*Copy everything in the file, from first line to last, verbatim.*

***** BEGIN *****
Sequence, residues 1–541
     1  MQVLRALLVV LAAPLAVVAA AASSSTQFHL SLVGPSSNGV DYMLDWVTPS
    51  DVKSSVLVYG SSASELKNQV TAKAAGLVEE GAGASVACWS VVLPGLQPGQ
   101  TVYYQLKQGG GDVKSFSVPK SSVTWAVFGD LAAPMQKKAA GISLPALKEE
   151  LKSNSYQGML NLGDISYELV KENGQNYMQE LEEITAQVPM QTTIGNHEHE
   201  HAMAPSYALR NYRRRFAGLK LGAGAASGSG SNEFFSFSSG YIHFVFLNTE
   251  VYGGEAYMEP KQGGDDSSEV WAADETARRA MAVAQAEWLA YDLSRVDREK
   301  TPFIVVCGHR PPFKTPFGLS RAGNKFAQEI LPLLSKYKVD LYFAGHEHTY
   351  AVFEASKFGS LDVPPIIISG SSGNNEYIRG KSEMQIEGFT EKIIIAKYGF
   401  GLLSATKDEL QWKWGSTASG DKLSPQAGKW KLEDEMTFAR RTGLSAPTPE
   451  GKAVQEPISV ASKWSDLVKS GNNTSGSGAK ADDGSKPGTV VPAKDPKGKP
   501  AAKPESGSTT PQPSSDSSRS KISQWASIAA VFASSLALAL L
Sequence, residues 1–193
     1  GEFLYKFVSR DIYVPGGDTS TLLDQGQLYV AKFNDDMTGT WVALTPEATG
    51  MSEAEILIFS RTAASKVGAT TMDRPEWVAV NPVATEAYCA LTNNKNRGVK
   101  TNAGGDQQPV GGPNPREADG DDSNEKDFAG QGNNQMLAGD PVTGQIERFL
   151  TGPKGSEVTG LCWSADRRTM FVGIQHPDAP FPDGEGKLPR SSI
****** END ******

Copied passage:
Sequence, residues 1–541
     1  MQVLRALLVV LAAPLAVVAA AASSSTQFHL SLVGPSSNGV DYMLDWVTPS
    51  DVKSSVLVYG SSASELKNQV TAKAAGLVEE GAGASVACWS VVLPGLQPGQ
   101  TVYYQLKQGG GDVKSFSVPK SSVTWAVFGD LAAPMQKKAA GISLPALKEE
   151  LKSNSYQGML NLGDISYELV KENGQNYMQE LEEITAQVPM QTTIGNHEHE
   201  HAMAPSYALR NYRRRFAGLK LGAGAASGSG SNEFFSFSSG YIHFVFLNTE
   251  VYGGEAYMEP KQGGDDSSEV WAADETARRA MAVAQAEWLA YDLSRVDREK
   301  TPFIVVCGHR PPFKTPFGLS RAGNKFAQEI LPLLSKYKVD LYFAGHEHTY
   351  AVFEASKFGS LDVPPIIISG SSGNNEYIRG KSEMQIEGFT EKIIIAKYGF
   401  GLLSATKDEL QWKWGSTASG DKLSPQAGKW KLEDEMTFAR RTGLSAPTPE
   451  GKAVQEPISV ASKWSDLVKS GNNTSGSGAK ADDGSKPGTV VPAKDPKGKP
   501  AAKPESGSTT PQPSSDSSRS KISQWASIAA VFASSLALAL L
Sequence, residues 1–193
     1  GEFLYKFVSR DIYVPGGDTS TLLDQGQLYV AKFNDDMTGT WVALTPEATG
    51  MSEAEILIFS RTAASKVGAT TMDRPEWVAV NPVATEAYCA LTNNKNRGVK
   101  TNAGGDQQPV GGPNPREADG DDSNEKDFAG QGNNQMLAGD PVTGQIERFL
   151  TGPKGSEVTG LCWSADRRTM FVGIQHPDAP FPDGEGKLPR SSI